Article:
Friday, February 24, 2012
For What Would A Christian Fast?
I’ve been fasting this week. It’s not because God likes it when I fast, it’s because I do. Yeah, you read that right. For me, fasting is choosing a weakness through which I will know and savor God more. It’s all about satisfaction—mine.
In this case, I’m fasting from food, but in the past I’ve fasted from television, music (rather than listen to the stereo in my car on morning drives to work, I preferred thinking and listening for Him in quiet), news media, alcohol (I like an ale or a glass of wine now and then), and more. And not because any of it’s evil(!) or to be avoided.
It’s amazing how much I get used to turning to the things of this world for satisfaction, rather than to God, who actually satisfies me most and best. Like many, I suppose, seeking God or reading the Bible or praying can become all about obedience and willpower (“I’ve got to do it!”), especially when I’m getting more satisfaction and better pleasure elsewhere. Does that make sense? My deepest wants and desires and satisfaction have been denied because I’ve come to accept the comparatively shallow favor of the stuff of this world. In effect, I’ve been taken hostage to lesser joy and fulfillment. It’s torture.
Given enough time, I can begin to believe it’s actually normal and that I shouldn’t raise my expectations for much better. . .and shallowness becomes my new normal, perhaps assisted by sarcasm and humor, a fleshly attempt to cover over the pain. And then my thoughts go something like this: “I really should read the Bible.” “I really ought to pray more.” Or, “I’m really weak on the spiritual disciplines of study and meditation. I’ve got to be more committed.” That’s a good one.
I start to approach God and the things He likes as important things to do, rather than ways to know Him and like Him. And what about letting Him show me why He likes me? Reading the Bible and praying becomes a duration of time when I get my study and devotional timecard punched. Thunk-thunk! Going to church becomes all about following through on commitment. Giving money is about the pledge I made. Yuck. Round about then a college basketball game is much more exciting, or a bowl of ice cream, a shopping spree, a good movie, or a new electronic gadget. What delight, right?
Read the Bible? I’ll do that later or on Sunday. Yeah, that’ll be good then.
God no longer brings about the wedding of desire and satisfaction—fulfillment—because it has been lightly joined together elsewhere. What does God get? Commitment and Study and Pledges of Obedience—and frustration. A lot of frustration. He’s not as useful anymore.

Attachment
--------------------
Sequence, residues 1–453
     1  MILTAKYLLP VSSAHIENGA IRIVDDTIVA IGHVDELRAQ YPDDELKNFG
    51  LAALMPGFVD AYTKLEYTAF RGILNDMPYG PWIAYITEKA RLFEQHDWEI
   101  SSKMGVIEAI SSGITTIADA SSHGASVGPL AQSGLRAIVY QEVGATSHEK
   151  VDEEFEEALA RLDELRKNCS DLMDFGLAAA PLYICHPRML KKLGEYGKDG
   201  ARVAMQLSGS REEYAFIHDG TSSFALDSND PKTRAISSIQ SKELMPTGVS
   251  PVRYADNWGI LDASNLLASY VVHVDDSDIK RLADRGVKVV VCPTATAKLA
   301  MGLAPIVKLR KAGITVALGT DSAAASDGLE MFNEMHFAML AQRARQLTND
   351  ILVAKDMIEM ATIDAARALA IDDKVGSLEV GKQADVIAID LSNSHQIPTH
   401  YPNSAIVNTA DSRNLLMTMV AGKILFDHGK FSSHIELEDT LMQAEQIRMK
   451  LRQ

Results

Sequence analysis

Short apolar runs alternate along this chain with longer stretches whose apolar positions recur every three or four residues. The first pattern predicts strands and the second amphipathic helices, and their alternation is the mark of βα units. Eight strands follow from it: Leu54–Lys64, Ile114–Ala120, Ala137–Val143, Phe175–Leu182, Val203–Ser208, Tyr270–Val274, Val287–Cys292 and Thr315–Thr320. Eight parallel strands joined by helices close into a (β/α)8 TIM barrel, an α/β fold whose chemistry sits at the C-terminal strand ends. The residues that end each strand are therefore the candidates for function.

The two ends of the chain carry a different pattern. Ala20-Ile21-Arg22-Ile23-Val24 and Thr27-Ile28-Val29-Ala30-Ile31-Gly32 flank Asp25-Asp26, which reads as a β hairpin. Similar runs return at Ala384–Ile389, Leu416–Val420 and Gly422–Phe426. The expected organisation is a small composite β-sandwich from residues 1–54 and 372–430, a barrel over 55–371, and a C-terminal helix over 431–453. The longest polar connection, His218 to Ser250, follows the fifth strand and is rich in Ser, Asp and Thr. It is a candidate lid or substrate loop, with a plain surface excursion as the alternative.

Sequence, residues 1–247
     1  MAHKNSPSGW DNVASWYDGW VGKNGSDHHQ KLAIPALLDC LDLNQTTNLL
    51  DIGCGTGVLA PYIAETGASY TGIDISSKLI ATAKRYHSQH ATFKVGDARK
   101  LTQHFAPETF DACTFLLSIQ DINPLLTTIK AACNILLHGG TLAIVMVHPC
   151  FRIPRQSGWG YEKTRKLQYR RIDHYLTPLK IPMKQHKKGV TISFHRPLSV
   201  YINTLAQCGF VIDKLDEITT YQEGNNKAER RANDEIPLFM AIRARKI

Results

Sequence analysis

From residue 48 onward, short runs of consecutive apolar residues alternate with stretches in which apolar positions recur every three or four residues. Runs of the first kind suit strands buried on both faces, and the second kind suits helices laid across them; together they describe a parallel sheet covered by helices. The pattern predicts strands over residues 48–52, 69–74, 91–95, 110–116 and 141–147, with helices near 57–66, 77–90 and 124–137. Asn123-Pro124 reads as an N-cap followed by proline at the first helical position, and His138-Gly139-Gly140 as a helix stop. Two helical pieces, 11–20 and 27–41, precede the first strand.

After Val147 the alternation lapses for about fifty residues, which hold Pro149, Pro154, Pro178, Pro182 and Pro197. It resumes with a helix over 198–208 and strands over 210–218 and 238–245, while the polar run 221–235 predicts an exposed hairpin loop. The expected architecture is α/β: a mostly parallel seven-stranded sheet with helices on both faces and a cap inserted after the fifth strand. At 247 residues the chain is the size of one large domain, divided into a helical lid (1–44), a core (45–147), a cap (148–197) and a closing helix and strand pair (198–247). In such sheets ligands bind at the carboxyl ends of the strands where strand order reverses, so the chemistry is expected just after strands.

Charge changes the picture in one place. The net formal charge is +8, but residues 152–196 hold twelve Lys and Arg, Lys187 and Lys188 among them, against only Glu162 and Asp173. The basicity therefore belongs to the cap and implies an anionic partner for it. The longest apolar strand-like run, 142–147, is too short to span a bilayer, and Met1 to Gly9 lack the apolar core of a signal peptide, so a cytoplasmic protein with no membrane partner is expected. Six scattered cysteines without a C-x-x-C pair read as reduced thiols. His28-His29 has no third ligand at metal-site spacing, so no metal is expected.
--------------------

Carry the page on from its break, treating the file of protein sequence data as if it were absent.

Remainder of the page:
But because He has crucified me to this world and this world to me (we’re incompatible; Gal. 6:14).), I can tolerate this painful hostage situation for only so long. A break out is drawing near.
That’s where a fast comes in. Through it I am needling myself—my true self—and saying, “Alert! Wake up and be satisfied! I can no longer stand surface satisfaction when I’ve been made for far deeper.” To be sure, I still have strong longings for satisfaction—in fact they get stronger—but the Spirit brings out desires now natural for me. I actually want God. I truly want Father. And any way to get Him and to know Him is where I start going. I begin talking to Him more (it might be sloppy or ugly or beggar-ish), even as I read my Bible. I start wanting to take a walk just so I can get out and look around and express my thoughts and questions to Him. I wake up in the morning and I think, “God, I want to be satisfied by you.” That’s a pretty welcome thought compared to what can otherwise go on in my noggin.
To be clear, no one has to fast to earn anything from God. Not since the New Covenant. Fasting is a way of enjoying what you already have. Any kind of fasting is toward satisfaction. It’s a way of acknowledging, “Jesus, you have given me absolutely everything already for entirely nothing. Hooray! I’m full already. So I want to hunger as a way of finding fullness. I’m going to refrain from light satisfaction in the hope you’ll bring out deep longings and equally deep satisfaction.”
This morning I made breakfast for my family: French toast, strawberries, bananas and real maple syrup. And I didn’t eat any of it. My youngest daughter is staying home today because she’s sick, and she just asked me to make her a piece of toast, with lots of cream cheese and lots of boysenberry jam on top. Lots.
And I’m loving it. The Holy Spirit—my friend and fascination and satisfaction—is carrying me along. The hunger I feel for a nibble is less powerful than the satisfaction I’m getting from Him.
And that’s what a fast is for.
(Some have asked for my thoughts on fasting. This is not an invective on Catholicism and the season of Lent; it’s a description of what I sometimes do in order to enjoy what God has given me.)